My best ideas? Anything that had to do with value -- particularly beaten-up stocks in the least-favored industries. Topping that list is my very first portfolio of the year, in which I named 20 "swans" that I thought would evolve from 1999's ugly ducklings. The big idea was to figure out exactly what the best-performing stocks of 2000 looked like at the beginning of that year, and then try to find ones just like them at the start of 2001. After doing some fancy fretwork in Excel, I screened for growing companies with decent balance sheets and trailing growth rates that had been bombed in 2000 along with their sectors.
The swans were up 23% year to date through the end of June, led by 80%-plus moves in RV manufacturers
; several 25%-plus moves in regional banks such as
; and 35%-plus moves in teen retailer
American Italian Pasta
and breast-implant maker
This concept of figuring out what the market likes statistically, then screening for a similar portfolio, worked for me last year at this time, too. Long-time readers may recall the "Early Risers" portfolio, which is up 22% since July 12, 2000, vs. a 51% decline in the
and a 16% fall in the S&P 500. It's been led by a 140% climb in
RightChoice Managed Care
and a 71% surge in
At the moment, my calculations suggest that the market still prefers cheap, small-cap stocks with solid profits and balance sheets. If that taste continues, then these 15 names might turn out to be my swans for the second half of 2001. Many of these actually had a strong first half, so I'm not expecting to get as much oomph as from the January portfolio.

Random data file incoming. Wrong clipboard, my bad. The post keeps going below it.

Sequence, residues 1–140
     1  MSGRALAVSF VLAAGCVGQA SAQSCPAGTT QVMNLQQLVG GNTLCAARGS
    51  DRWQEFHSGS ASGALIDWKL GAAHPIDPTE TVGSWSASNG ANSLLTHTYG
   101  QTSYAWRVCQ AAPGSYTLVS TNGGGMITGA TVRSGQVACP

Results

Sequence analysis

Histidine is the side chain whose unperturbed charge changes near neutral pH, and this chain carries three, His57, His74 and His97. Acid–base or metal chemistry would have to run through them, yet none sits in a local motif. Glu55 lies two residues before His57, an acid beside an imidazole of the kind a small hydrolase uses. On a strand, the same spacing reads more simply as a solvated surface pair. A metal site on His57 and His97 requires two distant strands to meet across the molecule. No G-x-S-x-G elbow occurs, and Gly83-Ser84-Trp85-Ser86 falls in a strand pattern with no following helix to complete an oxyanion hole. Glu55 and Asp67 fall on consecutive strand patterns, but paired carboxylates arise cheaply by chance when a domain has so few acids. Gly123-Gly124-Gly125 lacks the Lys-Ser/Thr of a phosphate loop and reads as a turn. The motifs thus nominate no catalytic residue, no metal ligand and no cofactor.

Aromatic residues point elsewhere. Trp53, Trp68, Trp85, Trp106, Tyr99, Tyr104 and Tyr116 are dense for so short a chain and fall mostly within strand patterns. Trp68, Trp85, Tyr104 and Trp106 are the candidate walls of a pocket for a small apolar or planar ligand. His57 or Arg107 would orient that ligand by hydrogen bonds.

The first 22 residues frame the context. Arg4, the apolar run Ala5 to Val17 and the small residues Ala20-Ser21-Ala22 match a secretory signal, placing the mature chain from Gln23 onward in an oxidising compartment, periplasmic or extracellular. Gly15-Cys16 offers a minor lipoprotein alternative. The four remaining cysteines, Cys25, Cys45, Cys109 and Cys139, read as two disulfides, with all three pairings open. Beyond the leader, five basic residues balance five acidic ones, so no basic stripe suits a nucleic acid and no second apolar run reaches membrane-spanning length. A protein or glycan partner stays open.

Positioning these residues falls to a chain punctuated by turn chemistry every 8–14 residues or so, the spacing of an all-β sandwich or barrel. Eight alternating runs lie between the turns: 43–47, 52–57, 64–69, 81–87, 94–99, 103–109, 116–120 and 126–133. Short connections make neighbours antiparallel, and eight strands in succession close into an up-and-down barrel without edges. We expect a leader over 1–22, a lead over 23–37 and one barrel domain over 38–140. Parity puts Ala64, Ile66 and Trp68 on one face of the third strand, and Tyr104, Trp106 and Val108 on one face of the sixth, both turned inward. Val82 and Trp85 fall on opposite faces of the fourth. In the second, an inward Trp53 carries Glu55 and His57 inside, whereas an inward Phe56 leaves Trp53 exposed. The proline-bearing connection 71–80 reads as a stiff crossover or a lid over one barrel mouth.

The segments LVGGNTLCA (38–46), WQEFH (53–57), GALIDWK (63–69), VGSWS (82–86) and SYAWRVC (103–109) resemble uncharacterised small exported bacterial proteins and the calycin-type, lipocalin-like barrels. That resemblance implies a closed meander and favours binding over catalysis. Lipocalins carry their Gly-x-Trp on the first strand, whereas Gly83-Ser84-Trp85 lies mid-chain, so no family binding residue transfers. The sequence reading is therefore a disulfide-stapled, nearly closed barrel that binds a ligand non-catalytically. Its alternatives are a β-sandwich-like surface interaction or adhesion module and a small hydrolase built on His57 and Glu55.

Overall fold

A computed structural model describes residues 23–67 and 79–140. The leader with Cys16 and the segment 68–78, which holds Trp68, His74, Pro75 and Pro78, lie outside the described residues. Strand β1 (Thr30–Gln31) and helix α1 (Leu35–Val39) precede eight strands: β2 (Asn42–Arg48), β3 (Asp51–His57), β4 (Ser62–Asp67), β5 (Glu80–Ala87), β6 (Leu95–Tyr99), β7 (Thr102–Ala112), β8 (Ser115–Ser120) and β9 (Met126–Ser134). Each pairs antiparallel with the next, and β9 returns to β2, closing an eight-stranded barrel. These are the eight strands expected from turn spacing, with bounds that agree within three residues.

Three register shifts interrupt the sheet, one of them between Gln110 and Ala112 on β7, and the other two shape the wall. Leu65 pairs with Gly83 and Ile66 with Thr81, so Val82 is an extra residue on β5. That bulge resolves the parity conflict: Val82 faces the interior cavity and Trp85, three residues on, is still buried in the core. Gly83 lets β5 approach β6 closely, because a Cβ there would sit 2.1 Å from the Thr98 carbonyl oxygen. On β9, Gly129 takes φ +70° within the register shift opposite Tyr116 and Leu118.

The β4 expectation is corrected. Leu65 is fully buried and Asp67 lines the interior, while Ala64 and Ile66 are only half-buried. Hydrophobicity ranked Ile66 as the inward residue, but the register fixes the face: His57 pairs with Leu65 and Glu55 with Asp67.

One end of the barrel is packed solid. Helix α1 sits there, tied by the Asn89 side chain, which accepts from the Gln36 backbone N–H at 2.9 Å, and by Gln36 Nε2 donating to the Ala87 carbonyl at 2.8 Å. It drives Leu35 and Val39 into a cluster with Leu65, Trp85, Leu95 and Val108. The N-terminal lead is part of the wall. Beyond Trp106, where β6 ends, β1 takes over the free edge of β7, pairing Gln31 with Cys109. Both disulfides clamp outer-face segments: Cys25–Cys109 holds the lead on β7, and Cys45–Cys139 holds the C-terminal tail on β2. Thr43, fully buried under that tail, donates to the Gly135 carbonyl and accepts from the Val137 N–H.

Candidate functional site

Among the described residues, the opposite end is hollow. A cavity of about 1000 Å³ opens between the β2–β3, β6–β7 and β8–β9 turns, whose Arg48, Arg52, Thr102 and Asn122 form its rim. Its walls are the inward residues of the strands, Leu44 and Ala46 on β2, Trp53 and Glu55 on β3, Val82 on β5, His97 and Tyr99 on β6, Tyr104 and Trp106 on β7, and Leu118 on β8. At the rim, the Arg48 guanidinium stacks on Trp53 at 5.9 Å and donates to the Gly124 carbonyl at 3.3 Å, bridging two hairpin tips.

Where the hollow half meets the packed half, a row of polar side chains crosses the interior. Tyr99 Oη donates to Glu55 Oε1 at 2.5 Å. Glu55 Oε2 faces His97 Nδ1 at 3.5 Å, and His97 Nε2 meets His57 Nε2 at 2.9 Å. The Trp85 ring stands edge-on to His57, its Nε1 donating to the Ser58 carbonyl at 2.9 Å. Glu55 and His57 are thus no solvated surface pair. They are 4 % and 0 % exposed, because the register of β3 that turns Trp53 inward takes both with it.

||Market Cap (in millions)
||Return on Equity
|Global Tech Appliances(GAI)
||Savings and loans
|Universal Stainless & Alloy(USAP)
||Packaging and containers
|Medical Action Industries(MDCI)
||Medical appliances, equipment
|World Fuel Services(INT)
||Basic materials wholesale
||General building materials
||Independent oil and gas
||Aerospace/defense products and services
'Lookalikes' That Leapt
Another successful mission to find bombed-out stocks with strong potential -- at a time that turned out to be one of the bottoms of the market -- was explained in "
How to Become a Market Wizard"
on March 21. The portfolio, called "Lauer Lookalikes," aimed for stocks that were down 50% more than the market, had strong balance sheets, low debt, suffered from a climate of extreme pessimism and were super-cheap. My seven choices were up 18.9% through June 29, vs. a rise of 7.3% in the S&P 500. Leaders were
Charles River Associates
, up 87%, and
, up 18%. Here is the latest crop of names to track:
||Market Cap (in millions)
||% Change 12 Mos. to 7/9/01
|Dick Clark Prod(DCPI)
Construction Stocks With Muscle
One of the few times where I looked strictly for strength in stocks was in my Feb. 17 piece on construction and engineering stocks. I dug these up after screening for unusual, cheap momentum stocks and discovering San Francisco-based
. Swept along by the notion that a lot more power plants and airports might be built in the next five years, my six choices gained 16.2% by the end of June, vs. a 9.5% decline in the broad market. Leaders were URS, up 43.6%, and
, up 28.7%. I still like them all.
For more on what worked and what didn't in Jon Markman's SuperModels portfolios, click to
read the second half of this column.